Initiating work to identify and characterise knockout mutants that result in EP death is a priority for the IMPC [see accompanying Special Article on the April 2012 IMPC meeting on embryo phenotyping (Adams et al., 2013)]. In the UK, a consortium of developmental biologists and clinician scientists funded by the Wellcome Trust has now been formed to set the wheels in motion. ‘Deciphering the Mechanisms of Developmental Disorders’ (DMDD) is a 5-year programme, commencing in the spring of 2013, that aims to provide systematic characterisation of all EP lethal mouse lines generated in the UK by the Wellcome Trust Sanger Institute (WTSI). By combining comprehensive imaging with detailed transcriptomics, the DMDD programme aims to provide a systematic and unbiased study of EP lethals at both the anatomical and transcriptional levels. This will yield a novel and rich public resource that should transform our understanding of embryo tissue differentiation and organ morphogenesis.

Careful and standardised analysis of embryos from EP lethal lines will also enable identification of mouse null alleles that mimic aspects of human congenital syndromes and disease. Through such work, the DMDD programme will provide new opportunities to identify and investigate the underlying molecular and developmental pathways that are disrupted in human developmental disorders. Its work will complement existing clinical genetic programmes [such as the Deciphering Developmental Disorders (DDD; http://www.ddduk.org) and UK10K [http://www.uk10k.org] projects] that are currently exploiting the latest generation sequencing methods in efforts to identify previously unknown disease-associated alleles.

Experience gained over more than a decade of mouse transgenics work has revealed that approximately half of all mouse gene knockouts demonstrating recessive EP lethality complete the major period of organogenesis (E14.5–E15.5) and reach a point when organ arrangement resembles that of the adult. Another third of the knockouts develop at least to the mid-gestation stage but fail to complete organogenesis. Furthermore, existing phenotyping efforts show that at least 60% of all EP lethals studied to date have readily detectable structural defects in one or more organ systems. (The true figure is likely to be significantly higher because existing studies have rarely been systematic, nor have they used consistent or comparable imaging methods.) Taken together, these observations indicate that simple screening of embryo morphology provides a remarkably efficient way to identify genes that are important in embryo development and organogenesis.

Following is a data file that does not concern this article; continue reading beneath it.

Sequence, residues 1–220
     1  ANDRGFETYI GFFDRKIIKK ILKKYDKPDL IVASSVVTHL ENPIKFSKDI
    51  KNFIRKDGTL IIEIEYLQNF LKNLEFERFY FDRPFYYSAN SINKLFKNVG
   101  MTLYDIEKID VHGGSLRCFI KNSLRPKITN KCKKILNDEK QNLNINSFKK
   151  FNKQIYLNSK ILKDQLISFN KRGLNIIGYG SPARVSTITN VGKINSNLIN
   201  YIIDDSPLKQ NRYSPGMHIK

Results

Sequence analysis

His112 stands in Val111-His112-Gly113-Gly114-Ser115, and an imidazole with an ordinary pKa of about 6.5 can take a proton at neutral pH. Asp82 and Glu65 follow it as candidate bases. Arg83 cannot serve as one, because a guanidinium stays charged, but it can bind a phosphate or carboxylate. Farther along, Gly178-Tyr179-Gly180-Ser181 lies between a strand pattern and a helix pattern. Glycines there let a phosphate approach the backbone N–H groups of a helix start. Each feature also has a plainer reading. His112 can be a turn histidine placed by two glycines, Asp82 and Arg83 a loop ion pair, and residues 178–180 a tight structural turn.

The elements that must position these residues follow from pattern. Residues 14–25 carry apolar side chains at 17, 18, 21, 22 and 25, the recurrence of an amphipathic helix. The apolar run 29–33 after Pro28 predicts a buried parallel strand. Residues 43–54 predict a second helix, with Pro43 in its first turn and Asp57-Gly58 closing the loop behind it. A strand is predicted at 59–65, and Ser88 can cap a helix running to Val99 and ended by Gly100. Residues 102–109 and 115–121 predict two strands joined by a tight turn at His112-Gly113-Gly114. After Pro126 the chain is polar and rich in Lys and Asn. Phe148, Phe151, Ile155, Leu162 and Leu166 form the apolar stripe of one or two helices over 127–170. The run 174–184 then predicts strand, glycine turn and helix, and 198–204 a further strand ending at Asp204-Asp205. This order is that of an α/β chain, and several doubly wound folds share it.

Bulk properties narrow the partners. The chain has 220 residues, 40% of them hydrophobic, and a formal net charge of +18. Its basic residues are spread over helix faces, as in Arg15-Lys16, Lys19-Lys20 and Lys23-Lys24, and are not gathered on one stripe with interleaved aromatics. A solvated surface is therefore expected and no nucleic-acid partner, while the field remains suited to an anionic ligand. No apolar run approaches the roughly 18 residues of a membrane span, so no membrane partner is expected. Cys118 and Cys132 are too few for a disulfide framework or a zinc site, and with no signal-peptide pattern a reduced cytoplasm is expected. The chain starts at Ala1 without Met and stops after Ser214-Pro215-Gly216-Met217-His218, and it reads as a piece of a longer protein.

Such a screen lies at the heart of the DMDD pipeline (Figs 1, 2) which will use state-of-the-art imaging methods to phenotype EP lethal embryos based on their external and internal embryo morphology. Where possible, embryos will be analysed after organogenesis (E14.5–E15.5). Lines presenting no homozygous mutant embryos at E14.5 (or those in which homozygous mutants are evidently dying or dead) will be re-assessed at mid-gestation (E9.5–E10.5), a stage late enough to identify structural defects in several major organ systems, including cardiovascular and neural tissue. Data collated by The Jackson Laboratory on existing mouse mutants (http://www.informatics.jax.org) indicates that, by studying embryos at these two time points, the DMDD programme can expect to capture more than three-quarters of all structural abnormalities in the EP embryos [see table 1 of the accompanying Special Article (Adams et al., 2013)].